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given "The bishop, with the priests [presbyters] present, shall lay their hands severally upon the head of every one that receiveth the order of priesthood; the receivers humbly kneeling, and the bishop saying: Receive the Holy Ghost, for the office and work of a priest in the church of God, now committed unto thee by the imposition of OUR hands," etc. We know that there is among them a difference of opinion about the reason why this is done. One portion regard the bishop as the only source of authority.* The other suppose that the presence and act of the presbyters express the assent and confidence of the churches, and that it is essential to a valid ordination. But, whichever opinion is maintained, it is, in fact, a Presbyterian ordination. If not, it is an unmeaning and idle ceremony; and the presence of the presbyters is mere pageantry and pomp.
We have now passed through the argument. Could we enter farther into it, we could prove, we think, positively, that there were no ministers in the apostolic churches superior to presbyters "in ministerial powers and rights;" and that a presbytery did actually engage in an ordination, and even in the case of Timothy.† But our argument does not require it, nor have we room. We have examined the whole of the claims of Episcopalians, derived from the New Testament. Our readers will now judge of the validity of those claims. We close, as Dr. Onderdonk began, by saying, that if the claim is not made out, on scriptural authority, it has no force, or binding obligation on mankind.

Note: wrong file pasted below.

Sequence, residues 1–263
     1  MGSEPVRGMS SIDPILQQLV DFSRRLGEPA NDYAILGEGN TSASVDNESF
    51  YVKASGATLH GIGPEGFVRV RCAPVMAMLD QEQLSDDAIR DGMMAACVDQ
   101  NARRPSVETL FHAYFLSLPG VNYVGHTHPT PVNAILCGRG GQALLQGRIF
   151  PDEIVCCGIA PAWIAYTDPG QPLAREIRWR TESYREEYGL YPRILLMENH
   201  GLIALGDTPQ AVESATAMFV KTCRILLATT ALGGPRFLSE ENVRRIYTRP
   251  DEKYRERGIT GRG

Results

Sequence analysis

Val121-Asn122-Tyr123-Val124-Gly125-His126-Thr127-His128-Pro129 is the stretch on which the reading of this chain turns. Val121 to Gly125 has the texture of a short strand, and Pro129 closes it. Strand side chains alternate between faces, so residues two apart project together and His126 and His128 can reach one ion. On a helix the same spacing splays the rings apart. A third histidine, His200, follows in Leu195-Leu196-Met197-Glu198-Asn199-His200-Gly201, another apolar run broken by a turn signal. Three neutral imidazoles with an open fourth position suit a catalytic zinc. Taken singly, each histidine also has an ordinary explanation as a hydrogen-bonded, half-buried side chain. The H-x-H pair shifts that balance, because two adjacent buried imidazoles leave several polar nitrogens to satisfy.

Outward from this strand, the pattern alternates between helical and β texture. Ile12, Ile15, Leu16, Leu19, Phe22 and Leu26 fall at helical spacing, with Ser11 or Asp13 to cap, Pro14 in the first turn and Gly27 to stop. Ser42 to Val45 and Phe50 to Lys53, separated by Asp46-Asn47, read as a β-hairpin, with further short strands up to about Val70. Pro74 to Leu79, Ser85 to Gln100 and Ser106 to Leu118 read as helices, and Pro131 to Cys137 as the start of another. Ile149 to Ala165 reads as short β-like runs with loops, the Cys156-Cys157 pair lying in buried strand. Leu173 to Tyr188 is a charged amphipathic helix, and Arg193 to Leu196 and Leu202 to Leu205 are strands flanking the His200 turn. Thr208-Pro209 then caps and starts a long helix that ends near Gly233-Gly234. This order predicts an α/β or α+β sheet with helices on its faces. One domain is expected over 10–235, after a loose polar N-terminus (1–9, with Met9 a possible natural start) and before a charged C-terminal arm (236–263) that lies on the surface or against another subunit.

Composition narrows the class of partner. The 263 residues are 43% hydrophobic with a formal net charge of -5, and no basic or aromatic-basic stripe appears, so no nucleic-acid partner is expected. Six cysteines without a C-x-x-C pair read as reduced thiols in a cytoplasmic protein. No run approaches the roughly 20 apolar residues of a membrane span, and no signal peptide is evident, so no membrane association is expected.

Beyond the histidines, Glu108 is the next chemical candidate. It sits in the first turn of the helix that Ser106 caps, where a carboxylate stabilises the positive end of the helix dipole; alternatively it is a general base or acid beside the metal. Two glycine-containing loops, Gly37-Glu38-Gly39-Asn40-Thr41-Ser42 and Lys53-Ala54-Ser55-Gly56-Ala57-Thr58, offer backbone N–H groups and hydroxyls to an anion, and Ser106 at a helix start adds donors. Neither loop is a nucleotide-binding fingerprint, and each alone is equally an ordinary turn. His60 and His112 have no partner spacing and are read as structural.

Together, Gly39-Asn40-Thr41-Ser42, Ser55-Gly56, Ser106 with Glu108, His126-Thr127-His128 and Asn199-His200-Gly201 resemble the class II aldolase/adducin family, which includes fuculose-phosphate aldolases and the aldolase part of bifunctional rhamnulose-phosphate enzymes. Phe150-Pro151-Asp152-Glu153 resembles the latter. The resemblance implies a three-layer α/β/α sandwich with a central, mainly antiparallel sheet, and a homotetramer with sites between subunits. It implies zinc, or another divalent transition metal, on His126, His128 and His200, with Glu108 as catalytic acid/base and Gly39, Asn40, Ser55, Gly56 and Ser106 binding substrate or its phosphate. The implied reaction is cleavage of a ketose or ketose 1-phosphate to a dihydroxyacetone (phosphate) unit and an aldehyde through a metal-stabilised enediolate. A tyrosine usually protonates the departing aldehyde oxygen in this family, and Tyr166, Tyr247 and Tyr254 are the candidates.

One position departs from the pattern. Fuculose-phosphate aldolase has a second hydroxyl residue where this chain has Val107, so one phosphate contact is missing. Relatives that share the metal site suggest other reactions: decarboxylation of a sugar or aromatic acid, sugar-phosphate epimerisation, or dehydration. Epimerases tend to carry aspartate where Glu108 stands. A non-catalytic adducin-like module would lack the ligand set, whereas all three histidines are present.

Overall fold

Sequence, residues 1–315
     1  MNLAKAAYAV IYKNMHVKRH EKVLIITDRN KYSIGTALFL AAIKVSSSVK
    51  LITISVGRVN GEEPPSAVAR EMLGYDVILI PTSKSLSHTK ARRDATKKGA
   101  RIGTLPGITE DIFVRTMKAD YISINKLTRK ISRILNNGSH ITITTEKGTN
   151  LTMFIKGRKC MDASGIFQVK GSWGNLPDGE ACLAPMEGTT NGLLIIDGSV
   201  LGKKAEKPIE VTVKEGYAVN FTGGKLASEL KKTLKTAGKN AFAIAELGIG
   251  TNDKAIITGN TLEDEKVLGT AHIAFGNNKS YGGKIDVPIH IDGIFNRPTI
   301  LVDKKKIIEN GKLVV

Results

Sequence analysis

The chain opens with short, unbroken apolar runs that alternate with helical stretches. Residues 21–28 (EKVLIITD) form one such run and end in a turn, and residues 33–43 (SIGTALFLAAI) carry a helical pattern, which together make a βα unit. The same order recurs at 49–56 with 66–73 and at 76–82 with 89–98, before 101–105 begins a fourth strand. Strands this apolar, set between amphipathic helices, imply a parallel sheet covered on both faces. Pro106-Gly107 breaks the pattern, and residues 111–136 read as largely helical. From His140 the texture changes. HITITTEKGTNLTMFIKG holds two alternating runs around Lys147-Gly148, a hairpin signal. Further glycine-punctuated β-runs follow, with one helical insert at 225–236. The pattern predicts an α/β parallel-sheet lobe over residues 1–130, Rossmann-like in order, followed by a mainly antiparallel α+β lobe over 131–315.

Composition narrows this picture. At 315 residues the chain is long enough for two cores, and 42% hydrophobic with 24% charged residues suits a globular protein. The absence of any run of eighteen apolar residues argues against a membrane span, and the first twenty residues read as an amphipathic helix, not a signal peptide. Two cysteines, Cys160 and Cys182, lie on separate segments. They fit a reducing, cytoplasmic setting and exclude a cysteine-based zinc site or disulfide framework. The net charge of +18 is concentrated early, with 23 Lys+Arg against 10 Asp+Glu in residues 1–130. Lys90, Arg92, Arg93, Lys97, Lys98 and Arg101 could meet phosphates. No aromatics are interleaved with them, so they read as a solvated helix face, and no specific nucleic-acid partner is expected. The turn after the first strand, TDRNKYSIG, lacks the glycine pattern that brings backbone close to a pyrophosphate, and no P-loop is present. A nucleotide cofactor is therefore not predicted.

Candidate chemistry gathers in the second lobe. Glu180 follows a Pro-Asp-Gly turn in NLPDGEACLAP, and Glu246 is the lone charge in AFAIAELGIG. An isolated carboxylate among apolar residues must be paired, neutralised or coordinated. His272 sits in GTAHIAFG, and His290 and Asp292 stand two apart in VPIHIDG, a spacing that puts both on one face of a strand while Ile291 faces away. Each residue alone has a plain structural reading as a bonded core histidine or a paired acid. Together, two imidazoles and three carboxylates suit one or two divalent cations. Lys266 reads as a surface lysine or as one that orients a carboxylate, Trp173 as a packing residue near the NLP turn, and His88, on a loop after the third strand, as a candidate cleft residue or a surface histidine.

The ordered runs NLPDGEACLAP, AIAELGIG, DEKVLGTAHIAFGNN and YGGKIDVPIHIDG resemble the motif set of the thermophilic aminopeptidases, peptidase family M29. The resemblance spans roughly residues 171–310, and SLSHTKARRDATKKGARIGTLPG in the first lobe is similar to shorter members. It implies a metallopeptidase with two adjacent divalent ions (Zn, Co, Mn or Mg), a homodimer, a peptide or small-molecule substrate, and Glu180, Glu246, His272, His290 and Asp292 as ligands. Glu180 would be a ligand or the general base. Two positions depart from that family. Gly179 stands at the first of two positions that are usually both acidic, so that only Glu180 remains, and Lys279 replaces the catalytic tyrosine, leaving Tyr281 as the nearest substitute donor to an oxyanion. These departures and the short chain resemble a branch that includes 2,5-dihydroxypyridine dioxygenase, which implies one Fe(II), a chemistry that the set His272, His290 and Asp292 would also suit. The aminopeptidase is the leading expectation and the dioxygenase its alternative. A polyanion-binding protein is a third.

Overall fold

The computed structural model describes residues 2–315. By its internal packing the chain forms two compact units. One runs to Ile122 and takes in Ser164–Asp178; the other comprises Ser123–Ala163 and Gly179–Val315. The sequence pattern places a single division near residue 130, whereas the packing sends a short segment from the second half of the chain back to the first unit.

Who can resist the impression, that if the New Testament had been the only authority appealed to in other times, Episcopacy would long since have ceased to urge its claims, and have sunk away with other dynasties and dominations, from the notice of mankind? On the basis which we have now
*Hooker's Eccl. Pol., book vii. 26.
† 1 Tim. iv. 14.
examined, this vast superstructure; this system which has in other ages spread over the entire Christian world; this system which, in some periods at least, has advanced most arrogant claims, has been reared. The world, for ages, has been called to submit to various modifications of the episcopal power. The world, with the single exception of the Waldenses and Albigenses, did for ages submit to its authority. The prelatical domination rose on the ruins of the liberties of cities, states, and nations, till all the power of the Christian world was concentrated in the hands of one man-" the servant of the servants of God!" The exercise of that power in his hands is well known. Equally arrogant have been its claims, in other modifications. The authority has been deemed necessary for the suppression of divisions and heresies. prelates," says Milton, "as they would have it thought, are the only mauls of schism." That power was felt in the days when Puritan piety rose to bless mankind, and to advance just notions of civil and religious liberty. Streams of blood have flowed, and tears of anguish have been shed, and thousands of holy men have been doomed to poverty and want, and imprisonment, and tears, as the result of those claims to supremacy and validity in the church of God. It may surprise our readers to learn, that all the authority from the Bible which could be adduced in favour of these enormous claims has now been submitted to their observation. And we cannot repress the melancholy emotions of our hearts, at the thought that such power has been claimed, and such domination exercised by man, on so slender authority as this.